Part two of a story about California’s history of forced sterilizations, and efforts by the remaining victims to receive reparations from the state. Senior Medical Correspondent Elizabeth Cohen investigates.
Anderson Cooper interviews Matthew Green, a reporter who has extensive knowledge about Ugandan warlord, Joseph Kony.
A bikini record is broken on an American beach, and Australia is bumped to the Ridiculist.
One year later, risky working conditions still plague the recovery effort at the site of Japan's nuclear disaster.
New U.S. intelligence suggests the Assad regime keeps a firm grip on Syria with military and material support from Iran. Anderson is joined by Pentagon Correspondent, Barbara Starr, who broke the story. Also, former CIA Officer and Time.com intelligence columnist, Robert Baer. And Fouad Ajami, Senior Fellow at Stanford University's Hoover Institution.
Reporter's Note: I send a letter to President Obama every day, offering ideas about the country. I realize that sounds a little presumptuous, but he asked for such advice when he took office and as far as I know, he has never rescinded the request. So...
Dear Mr. President,
I have been thinking about a particular subject a good bit lately, and this morning it became rather clear in my mind, so this weekend I’d like to discuss it a bit. The question on the table: Why don’t we trust our elected leaders?
It’s a broad question to be sure, and no doubt there are scads of different reasons. I am sure my analysis will not be exhaustive, although it may well be exhausting. Ha! Still, I think a good starting point is in the simple assertion: we don’t trust them because they are untrustworthy.
Consider the evidence. First, many elected officials have followed the tried and true path of winning a lower level office, then using it as a springboard to higher places. It has become a standard operating procedure for, oh say, Busy Bob to run for City Council, then while holding that job to campaign for State Representative, then while holding that job to run for the U.S. Congress.
The practice is so common we don’t even question it anymore. But it is fundamentally deceitful. Busy Bob told us he wanted to serve our city; but before he even completed that job, he was abandoning us. He said he wanted to help out our state, but before that job was done, he was once again off on a new quest. You get the picture. Some might call him a talented politician. Some might call him ambitious. But he could also simply be called a liar, a person who publically promises his service in exchange for your vote, then reneges on his commitment as soon as the votes are cast.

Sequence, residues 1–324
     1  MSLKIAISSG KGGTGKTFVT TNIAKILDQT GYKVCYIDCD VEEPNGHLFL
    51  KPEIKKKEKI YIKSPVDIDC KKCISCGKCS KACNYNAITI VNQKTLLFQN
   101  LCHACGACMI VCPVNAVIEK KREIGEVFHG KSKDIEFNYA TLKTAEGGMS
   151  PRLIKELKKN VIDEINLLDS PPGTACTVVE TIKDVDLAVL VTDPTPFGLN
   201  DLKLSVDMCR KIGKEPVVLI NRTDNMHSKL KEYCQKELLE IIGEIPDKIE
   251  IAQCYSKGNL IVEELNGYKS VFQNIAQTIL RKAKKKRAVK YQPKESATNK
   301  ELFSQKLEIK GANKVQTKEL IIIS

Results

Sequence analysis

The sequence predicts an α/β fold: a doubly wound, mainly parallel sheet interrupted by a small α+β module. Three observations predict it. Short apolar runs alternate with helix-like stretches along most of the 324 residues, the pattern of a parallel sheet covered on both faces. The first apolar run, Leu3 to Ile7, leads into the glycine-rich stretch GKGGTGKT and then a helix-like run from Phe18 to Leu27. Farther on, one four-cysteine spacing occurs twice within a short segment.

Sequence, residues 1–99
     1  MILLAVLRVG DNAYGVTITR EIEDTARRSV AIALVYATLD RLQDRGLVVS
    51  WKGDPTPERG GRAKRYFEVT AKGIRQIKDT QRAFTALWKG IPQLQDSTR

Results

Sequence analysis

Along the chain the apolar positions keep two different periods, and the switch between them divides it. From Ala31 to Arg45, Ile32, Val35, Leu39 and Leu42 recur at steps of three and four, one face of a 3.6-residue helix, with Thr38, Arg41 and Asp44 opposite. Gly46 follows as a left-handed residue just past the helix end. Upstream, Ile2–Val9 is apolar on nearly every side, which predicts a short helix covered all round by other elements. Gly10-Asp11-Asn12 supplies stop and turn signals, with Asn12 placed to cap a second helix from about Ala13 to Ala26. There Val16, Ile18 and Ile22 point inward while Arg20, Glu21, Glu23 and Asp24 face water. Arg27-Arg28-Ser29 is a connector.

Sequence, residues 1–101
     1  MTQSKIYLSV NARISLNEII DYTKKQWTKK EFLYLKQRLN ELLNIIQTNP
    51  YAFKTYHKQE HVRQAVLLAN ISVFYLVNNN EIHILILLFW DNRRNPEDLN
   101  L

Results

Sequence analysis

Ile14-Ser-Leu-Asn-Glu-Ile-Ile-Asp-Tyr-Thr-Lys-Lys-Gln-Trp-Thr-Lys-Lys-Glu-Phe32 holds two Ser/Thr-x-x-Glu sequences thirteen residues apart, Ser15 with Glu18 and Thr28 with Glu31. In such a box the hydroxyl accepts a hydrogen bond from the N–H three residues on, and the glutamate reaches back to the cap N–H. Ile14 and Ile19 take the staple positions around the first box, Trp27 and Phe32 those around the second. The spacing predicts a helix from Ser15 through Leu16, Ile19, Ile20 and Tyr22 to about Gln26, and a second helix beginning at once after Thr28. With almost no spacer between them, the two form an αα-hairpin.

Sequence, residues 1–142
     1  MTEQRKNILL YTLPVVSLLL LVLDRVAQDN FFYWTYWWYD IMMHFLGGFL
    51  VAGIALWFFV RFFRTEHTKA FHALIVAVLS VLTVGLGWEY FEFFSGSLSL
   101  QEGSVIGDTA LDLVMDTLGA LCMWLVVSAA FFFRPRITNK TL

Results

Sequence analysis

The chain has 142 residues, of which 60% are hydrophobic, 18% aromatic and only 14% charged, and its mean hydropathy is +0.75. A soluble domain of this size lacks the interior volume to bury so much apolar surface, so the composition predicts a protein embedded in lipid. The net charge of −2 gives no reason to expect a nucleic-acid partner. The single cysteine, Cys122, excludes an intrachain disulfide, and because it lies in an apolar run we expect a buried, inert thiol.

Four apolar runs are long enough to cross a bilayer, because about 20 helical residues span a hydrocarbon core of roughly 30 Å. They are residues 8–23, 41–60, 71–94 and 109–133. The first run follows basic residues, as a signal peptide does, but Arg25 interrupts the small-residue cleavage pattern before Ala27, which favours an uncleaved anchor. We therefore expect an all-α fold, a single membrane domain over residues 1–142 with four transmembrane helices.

I think it would be fascinating if some public interest group started doing something about this. Imagine what would happen if they asked politicians to sign a written pledge not to seek a different office until they’d completed their duties in the current one. It would not be unreasonable. All they would be saying is, “Look, if you want to represent us, you need to make it clear that you intend to serve the entire term. We are interested in a full time leader. Not someone who serves a couple of years, and then goes on a campaigning spree while we’re still paying his salary.”
After all, can you think of any other profession in which workers are allowed to openly campaign for their new position with a different company without repercussion? Frankly, I think if politicians want to regain our trust, both parties should urge their elected members to complete each elected term in each office before seeking anything new. And if some Senator or Congressman or Governor feels like he or she just can’t wait, at least that person might have the courtesy to resign before starting the next race, so his or her constituents could quickly get another full time public servant into the job that is being abandoned.
So this is one reason why I say many of our elected officials are viewed as untrustworthy. Even in private industry, many of us have contempt for people who simply use one job as a vaulting horse to reach the next. Especially if, in doing so, they do not fulfill their initial obligation.
More tomorrow. Hope all is well.